Hunter’s clothing is about more than just style and functionality. If you are going to be out in the bush for days on end, you need gear on which you can rely. You need clothing that’s rip resistant, that doesn’t start to stink, and that won’t rustle and give away your position. It’s not just about the prey, either. It’s about your own comfort. A hunter who is chafing, soaked with sweat, or limping from blisters, is a hunter at less than maximum efficiency.
If you want to be the best hunter you can be, you need clothing that keeps up with you. We put together this short guide to things you should keep in mind before you buy your new hunting clothing to help you out. It’s far too easy to buy the wrong thing and end up cutting a good trip short. Here’s how you can avoid that and buy clothes that help instead of hindering you.
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9 Considerations to Make Before Buying Hunting Clothes
Regardless of what you are hunting, the following things can make it easier to catch your prey.
1 – Be Terrain Specific
The old-timers in hunting would go out into the wild in denim and a shirt. Now we know better. We realize that animals can recognize patterns that are out of place in their surroundings and can therefore be scared easily. If you blend in with your terrain, you minimize the risk of that deer or buck knowing that you are there. Look for terrain-specific hunting clothes.
Terrain-specific hunting clothes means wearing greens and browns in forests, field, and meadow patterns out in the plains, and even black and browns in some terrain. Matching patterns and colors gives you a better chance at concealment.
2 – Dress in Layers
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The best way to dress on the field is in layers. In winter, add extra base layers. In summer, take the top layers away. We particularly enjoy a merino wool base layer and a waxed top layer for waterproofing. The idea of layering means that even if you fall in a river, you still have a couple of dry layers to stop you from freezing. It’s the only way to dress in the field.
3 – Think About Silence
The reason we like that top layer to be a waxed waterproof jacket instead of a vinyl one is silence. The waxed jackets give the same waterproof finish, but don’t have as much rustle to them. You’ll probably never find a truly silent jacket, but definitely consider the noise a piece makes before you buy it. This should go for all your hunter’s clothes, not just your jacket. The vest, for example, should be softer fabrics.
4 – Be Weather Appropriate
There’s no point bringing a snowsuit to a July hunt. You should try to match the conditions to the hunter clothes that you buy. This extends to your gear, as well. If you buy a summer sleeping bag for a winter hunt, you are going to be cold. Try to keep the weather in mind when you buy your hunter’s clothes. Even if the reports say sunny, take a waterproof layer. You can always leave it in the blind if you must. The Idaho Fish and Game Dept has this advice.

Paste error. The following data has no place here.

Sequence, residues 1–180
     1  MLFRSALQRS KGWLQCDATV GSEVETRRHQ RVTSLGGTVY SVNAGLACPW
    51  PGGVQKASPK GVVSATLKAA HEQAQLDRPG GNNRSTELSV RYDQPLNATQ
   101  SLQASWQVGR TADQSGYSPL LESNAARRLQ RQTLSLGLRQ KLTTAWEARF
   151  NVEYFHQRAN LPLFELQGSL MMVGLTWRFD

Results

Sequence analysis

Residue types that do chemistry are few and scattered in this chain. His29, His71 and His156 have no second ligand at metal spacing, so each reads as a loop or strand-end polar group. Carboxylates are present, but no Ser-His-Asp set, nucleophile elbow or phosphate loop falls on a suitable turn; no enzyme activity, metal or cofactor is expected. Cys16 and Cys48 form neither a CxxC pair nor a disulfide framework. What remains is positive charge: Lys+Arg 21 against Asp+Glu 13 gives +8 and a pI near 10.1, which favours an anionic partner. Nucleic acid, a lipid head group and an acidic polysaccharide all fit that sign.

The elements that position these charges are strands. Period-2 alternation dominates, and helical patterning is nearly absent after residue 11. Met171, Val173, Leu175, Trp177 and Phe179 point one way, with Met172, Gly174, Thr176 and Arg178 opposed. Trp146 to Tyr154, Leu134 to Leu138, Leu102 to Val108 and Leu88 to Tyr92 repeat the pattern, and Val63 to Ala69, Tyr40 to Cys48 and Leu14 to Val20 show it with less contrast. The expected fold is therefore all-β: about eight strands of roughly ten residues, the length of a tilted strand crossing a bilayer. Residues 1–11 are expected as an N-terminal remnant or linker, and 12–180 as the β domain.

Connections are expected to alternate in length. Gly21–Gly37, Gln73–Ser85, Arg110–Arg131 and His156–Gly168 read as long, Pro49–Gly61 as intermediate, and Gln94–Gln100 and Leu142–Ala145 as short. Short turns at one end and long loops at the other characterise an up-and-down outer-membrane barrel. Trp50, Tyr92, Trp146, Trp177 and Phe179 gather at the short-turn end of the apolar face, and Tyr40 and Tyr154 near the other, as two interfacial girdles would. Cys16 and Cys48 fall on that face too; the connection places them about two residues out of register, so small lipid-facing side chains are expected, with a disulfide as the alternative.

5 – Consider Camo Carefully
We said be terrain specific above, but if you are really into concealment, then appropriate camo might be right for you. Camo is a little different than dressing to match the terrain in that it also accounts for weather extremities. You would select a cold-weather camo with lots of white for a snowy environment in the mountains in winter, for example. On the other hand, a burnt yellow is best suited to the scrublands of high summer.
Camo can apply to the head, body, and pants. You can camo all your kit if you want to, but it does get pricey. Keep noise reduction in mind, too. Some of the camo outer layers can rustle.
6 – Buy Quality hunting gear
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Our hunting clothing can save our life when we need it. If we wear warm layers with both heat retention and water resistance factored into our outfit, we better protect ourselves while we are in the field. Buying better quality hunting gear increases the chances that you can rely on that gear to keep you warm and dry in even the harshest circumstances. Buy good quality and you don’t have to second guess yourself.
7 – Prepare for the Worst
Even if you are going hunting in a busy area in the middle of the high season, be prepared at all times for things to go their worst. It’s far better to put up the tent with extra gear in it and leave it there while you hike out than it is to be underprepared in a freak snowstorm. Always keep this in mind when you buy hunter’s clothing. Assume it is worst-case scenario and you become injured and stuck out in the bush overnight. Could the clothing you are buying keep you warm and dry till morning? If not, don’t buy it. Buy better.
8 – Think about Comfort
You are going to wear these clothes out in the forest, mountains, or plains, for days on end. No hunter wants to be putting fresh clothes on at -5 degrees in a tent, so be prepared. You need gear that is comfortable primarily. Nothing should chaff or rub. Merino wool base layers are soft next to the skin and will wick away up to 30% of its total density in moisture. If you want to be warm and dry, go for Merino.
9 – Staying Scent Free
This is where it gets tricky. Animals can smell you. If you have been in the same hunting clothes for three days across harsh terrain, you’re going to whiff. Another reason experienced hunters favor wools is that the lanolin smells of sheep. Besides this, wools wick away sweat and the natural oils in the fabric help keep the stench to a minimum. Of course, if all else fails, you buy some deer spray and hope for the best.
Are You Hunt Ready?
Have you made the above considerations in time for your next big hunt? Make sure your clothing – and your equipment – can last that distance and help you land a catch.